Current Project 1
Integrated Use of Rodent Bait Boxes, 4-Poster Topical Treatment Devices, and Targeted Acaricide Applications to Rapidly Suppress Populations of Ixodes scapularis in a Residential Landscape
While chemical control is considered by many to be the most reliable means of suppressing populations of the black-legged tick (Ixodes scapularis), use of conventional area-wide (habitat-targeted) acaricides is generally viewed by the public as having undesirable environmental impacts. There is thus a need to develop new integrated technologies for residential tick control that receive widespread community acceptance by minimizing environmental impacts.
The aim of this research is to demonstrate that the combined use of several tick control strategies could reduce tick populations more rapidly and to a greater extent than when used alone.
Study Design & Methods
In fall 2003, we began testing an integrated control strategy to rapidly achieve and sustain reduced numbers of black-legged ticks in a residential area in Millstone Township. We combined two host-targeted technologies in conjunction with single, barrier acaricide applications to sequentially attack each post-embryonic life stage of the tick. Those technologies included:
Maxforce Tick Management System (TMS)
Bait boxes that treat white-footed mice (Peromyscus leucopus) and eastern chipmunks (Tamias striatus) as they contact an acaricide-treated wick while entering and exiting the box to feed on the bait. Nymphal and larval ticks are subsequently killed when they attempt to feed on treated rodents.
The 4-Poster Topical Treatment Device
Applies acaricide for the control of ticks parasitizing white-tailed deer (Odocoileus virginiana). Deer are treated as they rub their head, neck, and ears against acaricide-laden paint rollers while feeding on bait corn.
Participating properties received a single barrier application of granular deltamethrin (DeltaGard G Insecticide Granule, 0.1% [AI], Bayer Environmental Science USA LP, Montvale, NJ) during peak periods of nymphal abundance by licensed personnel under Freehold Area Health Department (FAHD) direction. At the start of the nymphal season, each participating residence also received 20-25 bait boxes which were distributed within wooded habitats at 20-m intervals along 2 concentric perimeters spaced at distances of 3 meters and 13 meters from the lawn-forest interface. Prior to the larval activity period, bait boxes were retrieved and replaced with new bait boxes. Finally, four '4-posters' have been deployed beginning in Fall 2002 within the study site in areas with significant deer activity to achieve a minimum density of 1 '4-poster' per 20 hectares. Three additional '4-posters' were deployed in an adjacent residential community to minimize deer migration into the treatment area. The '4-posters' were treated and maintained weekly throughout the peak activity periods of I. scapularis adults. Pre- and post-intervention abundance of host-seeking ticks was measured by drag sampling and live-trapping small mammals.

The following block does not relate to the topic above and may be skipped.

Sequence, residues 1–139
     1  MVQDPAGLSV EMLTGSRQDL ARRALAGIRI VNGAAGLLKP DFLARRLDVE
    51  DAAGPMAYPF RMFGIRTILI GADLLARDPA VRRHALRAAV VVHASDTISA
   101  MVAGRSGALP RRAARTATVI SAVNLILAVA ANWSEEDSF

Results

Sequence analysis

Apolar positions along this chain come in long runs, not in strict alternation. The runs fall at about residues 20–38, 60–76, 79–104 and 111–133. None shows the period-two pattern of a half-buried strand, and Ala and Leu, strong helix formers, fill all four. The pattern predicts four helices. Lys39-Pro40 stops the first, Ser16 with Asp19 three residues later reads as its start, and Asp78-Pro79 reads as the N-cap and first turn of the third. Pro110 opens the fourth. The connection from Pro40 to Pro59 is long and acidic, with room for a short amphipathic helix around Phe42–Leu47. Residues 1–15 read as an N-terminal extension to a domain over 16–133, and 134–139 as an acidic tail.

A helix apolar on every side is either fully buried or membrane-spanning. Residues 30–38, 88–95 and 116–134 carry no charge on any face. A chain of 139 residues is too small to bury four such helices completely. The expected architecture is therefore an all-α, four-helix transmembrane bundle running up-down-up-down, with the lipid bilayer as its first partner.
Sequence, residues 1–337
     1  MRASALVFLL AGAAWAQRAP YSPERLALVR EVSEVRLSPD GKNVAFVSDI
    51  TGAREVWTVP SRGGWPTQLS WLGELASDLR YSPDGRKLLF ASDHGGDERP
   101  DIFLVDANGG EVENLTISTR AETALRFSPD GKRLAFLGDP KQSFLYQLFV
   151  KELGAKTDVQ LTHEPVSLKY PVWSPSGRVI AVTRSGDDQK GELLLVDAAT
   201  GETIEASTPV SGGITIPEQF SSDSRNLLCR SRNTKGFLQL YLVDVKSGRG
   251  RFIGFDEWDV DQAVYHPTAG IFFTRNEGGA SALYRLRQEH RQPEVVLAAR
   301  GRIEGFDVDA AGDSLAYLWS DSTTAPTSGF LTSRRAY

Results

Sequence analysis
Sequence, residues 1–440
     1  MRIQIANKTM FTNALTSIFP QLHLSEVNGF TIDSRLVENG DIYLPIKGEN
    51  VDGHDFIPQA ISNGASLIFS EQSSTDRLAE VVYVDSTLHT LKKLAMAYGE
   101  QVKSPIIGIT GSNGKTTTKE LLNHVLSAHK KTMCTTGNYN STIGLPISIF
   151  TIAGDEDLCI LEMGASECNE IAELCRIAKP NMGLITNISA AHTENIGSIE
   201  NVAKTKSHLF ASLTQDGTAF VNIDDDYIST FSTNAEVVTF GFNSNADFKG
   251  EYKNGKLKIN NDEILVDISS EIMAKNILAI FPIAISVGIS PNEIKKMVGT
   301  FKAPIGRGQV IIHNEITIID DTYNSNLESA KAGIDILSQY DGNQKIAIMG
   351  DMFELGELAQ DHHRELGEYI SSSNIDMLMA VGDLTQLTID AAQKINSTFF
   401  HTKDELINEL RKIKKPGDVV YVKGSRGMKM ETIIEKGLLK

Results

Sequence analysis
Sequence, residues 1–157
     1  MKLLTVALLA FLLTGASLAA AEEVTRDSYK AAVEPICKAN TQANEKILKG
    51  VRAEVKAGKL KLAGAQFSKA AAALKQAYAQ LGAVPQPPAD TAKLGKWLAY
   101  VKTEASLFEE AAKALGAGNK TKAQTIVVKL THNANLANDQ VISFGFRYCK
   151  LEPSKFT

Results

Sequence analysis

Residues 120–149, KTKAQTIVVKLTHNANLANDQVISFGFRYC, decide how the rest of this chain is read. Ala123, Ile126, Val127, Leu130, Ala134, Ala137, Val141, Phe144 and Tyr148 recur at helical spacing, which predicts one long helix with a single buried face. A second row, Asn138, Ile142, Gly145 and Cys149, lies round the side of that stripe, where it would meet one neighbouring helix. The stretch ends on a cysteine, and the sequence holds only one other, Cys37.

We hypothesize that following a single limited acaricide application to control 95% of nymphs, the deployment of rodent bait boxes against nymphs and larvae and the '4-poster' system against adults would maintain tick populations at extremely low levels. Granular deltamethrin applied to the lawn/forest edges of participant properties resulted in 100% control of host-seeking nymphs. Nymphal and larval tick burdens on targeted small mammal hosts at treated properties were reduced by 92.7% and 95.4%, respectively, after the first year (2004) of combined interventions. Over the same period, populations of host-seeking nymphs, larvae, and adults were reduced by 58.5%, 24.8%, and 77.8%, respectively. Following interventions in 2005, tick burdens on small mammals were maintained at similar levels, while control of host-seeking nymphs, larvae, and adults increased to 94.3%, 90.6%, and 87.3%, respectively.
By sequentially attacking each post-embryonic stage of I. scapularis with host-targeted technologies, we have demonstrated that local tick populations can be rapidly suppressed, while dramatically reducing the number of acaricides introduced into the environment. Although additional research is needed to overcome technical and regulatory issues, such an integrated approach offers an alternative for health officials, managers of public lands, and the pest control community in response to the mounting threat of tick-borne diseases.